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Making asset limits simpler for Nebraska’s families – Support for LB 430

Voices for Children would like to express our support for LB 430 and thank Senator Crawford for bringing forward this bill.  As some may recall in 2011, the legislature raised the asset limit in the SNAP program to $25,000 and limited it to liquid resources.  Previously, the asset limit included things like educational savings and retirement accounts.  This bill would align the policies in the child care subsidy and ADC program with SNAP and has the potential to significantly reduce the amount of paperwork needed to apply for public benefit programs.  As the state has switched to a primarily online application program, it also makes sense to modernize program policies in ways that reduce the reliance on paperwork.

We have prepared a quick fact sheet showing some of the asset categories that currently exempt and not exempt under current law.  This bill seeks to make the requirements uniform. Under this bill, the income limits for the program remain in place, ensuring that help is still only given to those who need it most.  Six states have eliminated assets tests in their TANF programs entirely and Nebraska is one of only two states that has an asset limit in the child care program.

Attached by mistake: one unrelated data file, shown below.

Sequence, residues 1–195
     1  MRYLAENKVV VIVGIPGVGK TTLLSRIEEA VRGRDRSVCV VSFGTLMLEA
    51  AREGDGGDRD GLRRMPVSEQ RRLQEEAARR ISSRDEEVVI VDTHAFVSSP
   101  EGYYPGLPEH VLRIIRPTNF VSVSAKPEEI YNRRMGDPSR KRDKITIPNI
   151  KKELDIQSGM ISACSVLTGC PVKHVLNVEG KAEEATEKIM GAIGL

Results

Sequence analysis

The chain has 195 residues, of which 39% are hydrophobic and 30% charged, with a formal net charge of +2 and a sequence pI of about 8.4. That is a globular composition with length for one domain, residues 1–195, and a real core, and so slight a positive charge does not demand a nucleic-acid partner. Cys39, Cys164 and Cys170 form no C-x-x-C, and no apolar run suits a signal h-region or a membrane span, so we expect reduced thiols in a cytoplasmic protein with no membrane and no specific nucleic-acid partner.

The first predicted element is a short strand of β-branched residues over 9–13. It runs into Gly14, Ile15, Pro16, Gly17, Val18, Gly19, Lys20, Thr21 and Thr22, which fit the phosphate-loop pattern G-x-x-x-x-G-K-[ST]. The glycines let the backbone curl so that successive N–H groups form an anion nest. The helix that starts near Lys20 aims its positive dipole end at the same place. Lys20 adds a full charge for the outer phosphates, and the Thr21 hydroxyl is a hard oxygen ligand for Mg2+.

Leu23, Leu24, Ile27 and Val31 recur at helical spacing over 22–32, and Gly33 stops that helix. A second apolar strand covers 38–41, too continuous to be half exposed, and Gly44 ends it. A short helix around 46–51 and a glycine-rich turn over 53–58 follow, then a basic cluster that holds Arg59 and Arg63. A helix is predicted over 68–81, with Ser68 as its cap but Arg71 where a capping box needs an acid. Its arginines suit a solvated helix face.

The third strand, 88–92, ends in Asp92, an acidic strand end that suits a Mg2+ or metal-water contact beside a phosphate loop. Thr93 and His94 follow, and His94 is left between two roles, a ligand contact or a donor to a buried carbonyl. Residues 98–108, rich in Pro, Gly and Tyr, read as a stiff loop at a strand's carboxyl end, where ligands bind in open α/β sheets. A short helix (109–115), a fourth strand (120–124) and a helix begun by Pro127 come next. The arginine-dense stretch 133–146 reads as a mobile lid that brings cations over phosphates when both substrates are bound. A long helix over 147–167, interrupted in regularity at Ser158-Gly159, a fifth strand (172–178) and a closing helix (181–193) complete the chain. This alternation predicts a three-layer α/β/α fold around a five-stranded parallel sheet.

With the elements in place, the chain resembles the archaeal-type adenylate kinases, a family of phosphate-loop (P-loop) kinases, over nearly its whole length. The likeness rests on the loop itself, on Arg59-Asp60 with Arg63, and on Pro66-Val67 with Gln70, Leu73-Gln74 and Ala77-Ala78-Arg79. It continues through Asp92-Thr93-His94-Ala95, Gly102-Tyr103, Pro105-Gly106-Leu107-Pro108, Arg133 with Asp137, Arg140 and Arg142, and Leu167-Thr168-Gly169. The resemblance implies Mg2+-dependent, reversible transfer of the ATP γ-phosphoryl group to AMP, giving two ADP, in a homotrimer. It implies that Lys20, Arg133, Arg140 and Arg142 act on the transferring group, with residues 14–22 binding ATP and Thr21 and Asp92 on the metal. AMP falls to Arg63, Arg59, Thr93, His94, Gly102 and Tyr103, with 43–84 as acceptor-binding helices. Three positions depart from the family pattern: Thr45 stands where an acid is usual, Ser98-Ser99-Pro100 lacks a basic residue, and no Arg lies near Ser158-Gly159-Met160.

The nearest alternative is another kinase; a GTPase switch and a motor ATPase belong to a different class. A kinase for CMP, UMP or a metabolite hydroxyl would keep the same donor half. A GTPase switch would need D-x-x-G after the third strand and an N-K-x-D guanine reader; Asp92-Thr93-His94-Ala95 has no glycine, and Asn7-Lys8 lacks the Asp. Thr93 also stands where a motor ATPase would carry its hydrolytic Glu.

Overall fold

Recent research from the New America Foundation has found improved administrative efficiency in public programs in states where asset tests have been eliminated.  The same research also found that the benefits of this efficiency can be limited if policies are not aligned across programs since many states, including Nebraska, use a common application form.[1]

Assets tests can also encourage lower income families to remain outside the financial mainstream,  doing things like not holding a bank account.  Asset tests also encourage the spending down of resources necessary for longer term financial security, like educational saving and retirement accounts, in order to receive temporary assistance.

In the experience of other state, raising or eliminating the assets limits has not led to an increase in caseloads.  

In Ohio and Virginia, who eliminated their TANF asset limits years ago, caseloads decreased in the years following the change.  Similarly, in Louisiana, where the asset test in TANF was eliminated in January 2009, there has not been a significant increase in caseload.[2]

LB 430 has the potential to significantly reduce the paperwork required to apply for our public benefit programs and make our public programs more efficient.  We urge the committee to advance this bill.  Thank you.


[1] New America Foundation (2012), State Asset Limit Reforms and Implications for Federal Policy

[2] CFED (2012) Resource Guide: Lifting Asset Limits in Public Benefit Programs

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